Executive Secretariat Files

Briefing Book Paper

Principal Rumanian Problems


The long-range interest of the United States in the maintenance of peace and stability in eastern Europe may be involved in the issues [Page 246] now arising in connection with the control of Rumania during the armistice period and with the eventual peace settlement. The fundamental problem is the degree to which the United States will acquiesce in the exercise by the Soviet Union of a dominant or exclusive influence in Rumania. The British seem to fear that present Soviet policies threaten Rumania’s existence as an independent state and may block the British plans to restore their pre-war political and economic position in Rumania. Prominent Rumanians have made direct appeals to American representatives in Bucharest for an indication of the policy of the United States on the matter of possible Soviet domination of Rumania.

Under the armistice agreement, to which all three principal Allied Governments were parties, the Allied Control Commission operates under the general direction of the Soviet High Command. The Soviet authorities have taken a number of unilateral decisions, such as those involving the property of American-owned petroleum companies, on matters which the Department believes should have been made the subject of consultation and agreement among the three Allied Governments.

It would be desirable to secure the agreement of the British and Soviet Governments to the following principles:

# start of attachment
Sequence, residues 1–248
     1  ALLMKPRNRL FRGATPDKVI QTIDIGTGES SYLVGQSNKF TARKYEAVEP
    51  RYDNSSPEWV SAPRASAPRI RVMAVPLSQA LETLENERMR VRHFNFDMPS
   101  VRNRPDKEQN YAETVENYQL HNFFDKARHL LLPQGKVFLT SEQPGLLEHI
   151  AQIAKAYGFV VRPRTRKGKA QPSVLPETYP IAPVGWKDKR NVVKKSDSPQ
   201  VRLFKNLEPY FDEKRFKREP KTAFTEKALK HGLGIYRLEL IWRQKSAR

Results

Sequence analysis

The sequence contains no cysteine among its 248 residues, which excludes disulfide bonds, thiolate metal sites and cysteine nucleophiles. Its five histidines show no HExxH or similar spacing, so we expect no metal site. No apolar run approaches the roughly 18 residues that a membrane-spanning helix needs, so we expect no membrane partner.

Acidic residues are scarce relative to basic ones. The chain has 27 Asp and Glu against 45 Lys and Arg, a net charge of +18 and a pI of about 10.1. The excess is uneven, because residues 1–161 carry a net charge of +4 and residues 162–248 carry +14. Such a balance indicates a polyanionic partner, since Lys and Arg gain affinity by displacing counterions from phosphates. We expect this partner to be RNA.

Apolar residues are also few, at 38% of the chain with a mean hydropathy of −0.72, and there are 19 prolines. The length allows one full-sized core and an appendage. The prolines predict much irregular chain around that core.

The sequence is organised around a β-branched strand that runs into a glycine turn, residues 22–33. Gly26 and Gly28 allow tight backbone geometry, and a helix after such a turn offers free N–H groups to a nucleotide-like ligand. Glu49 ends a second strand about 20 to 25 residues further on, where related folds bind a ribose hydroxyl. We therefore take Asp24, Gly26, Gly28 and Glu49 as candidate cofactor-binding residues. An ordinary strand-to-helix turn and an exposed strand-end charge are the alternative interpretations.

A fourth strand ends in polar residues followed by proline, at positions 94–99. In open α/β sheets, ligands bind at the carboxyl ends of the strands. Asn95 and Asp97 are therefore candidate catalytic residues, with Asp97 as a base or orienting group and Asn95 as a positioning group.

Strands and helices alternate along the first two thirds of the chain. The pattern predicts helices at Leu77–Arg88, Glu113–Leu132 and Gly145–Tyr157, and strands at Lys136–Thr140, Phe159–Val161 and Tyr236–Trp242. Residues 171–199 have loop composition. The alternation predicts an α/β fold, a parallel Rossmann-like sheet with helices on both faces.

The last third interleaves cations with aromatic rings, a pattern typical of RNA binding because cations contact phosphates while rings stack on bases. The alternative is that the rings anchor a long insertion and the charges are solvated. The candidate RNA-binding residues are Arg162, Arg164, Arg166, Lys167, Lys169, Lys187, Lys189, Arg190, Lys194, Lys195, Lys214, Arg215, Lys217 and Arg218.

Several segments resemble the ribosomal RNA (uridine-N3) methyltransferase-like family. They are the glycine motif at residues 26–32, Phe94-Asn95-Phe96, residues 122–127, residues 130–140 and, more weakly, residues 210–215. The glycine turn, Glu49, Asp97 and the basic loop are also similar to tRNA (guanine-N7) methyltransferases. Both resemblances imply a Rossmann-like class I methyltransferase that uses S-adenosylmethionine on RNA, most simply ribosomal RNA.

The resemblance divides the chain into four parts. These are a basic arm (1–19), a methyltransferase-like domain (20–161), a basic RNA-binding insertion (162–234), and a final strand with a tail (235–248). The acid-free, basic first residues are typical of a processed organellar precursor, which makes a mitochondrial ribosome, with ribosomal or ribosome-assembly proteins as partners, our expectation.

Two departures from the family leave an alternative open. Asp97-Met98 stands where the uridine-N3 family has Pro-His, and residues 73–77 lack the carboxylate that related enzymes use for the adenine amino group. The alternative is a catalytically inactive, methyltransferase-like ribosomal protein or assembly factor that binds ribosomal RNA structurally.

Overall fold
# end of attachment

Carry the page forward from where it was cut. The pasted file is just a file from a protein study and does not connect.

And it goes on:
Respect for the Rumanian people’s right to independence and to the choice of their own government;
An Allied economic policy toward Rumania, under the armistice and the peace settlement, which will reconcile the legitimate claims of Allied nations to reparation with the general interest in promoting the rapid economic recovery of Europe;
The desirability of finding a solution of the Hungarian-Rumanian frontier dispute which will give some satisfaction to Hungary’s legitimate claims and promote peaceful relations between the two states.

Principal Rumanian Problems

Long-Range American Interest in Rumania

The principal long-range American interest in Rumania is that that country should once more become a peaceful member of the community of nations, and should not, either through its relationships with larger powers or through the policies of its own rulers, become a menace to peace. It is our belief that this aim is most likely of attainment if Rumania is an independent state, with a government of its own choosing, and if solutions of its territorial, minority and economic problems are found which represent a maximum contribution to the stability of the region. Economically, the United States has an interest in maintaining equal treatment and opportunity in Rumania for all nations.

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Execution of the Armistice Agreement

Rumania has been within the Soviet theater of military operations. The United States did not object to the Soviet Union’s taking the leading role in the negotiation of the armistice with Rumania and in the control of Rumania during the armistice period. We have not objected to the Soviet view that the executive functions of the Allied Control Commission should be exercised by the Soviet military authorites, nor do we deny that the Soviet Union has a more direct interest in Rumania than do the other Allied powers.

The United States, however, as a signatory to the armistice agreement, bears some responsibility for its execution. We have taken the position that the principal American representative on the Control Commission, Brigadier General Schuyler, has the right to be informed of the policy directives issued in the name of the Commission before they are communicated to the Rumanian Government and to refer the matter to Washington when he believes a directive to be inconsistent with the policies of the United States Government.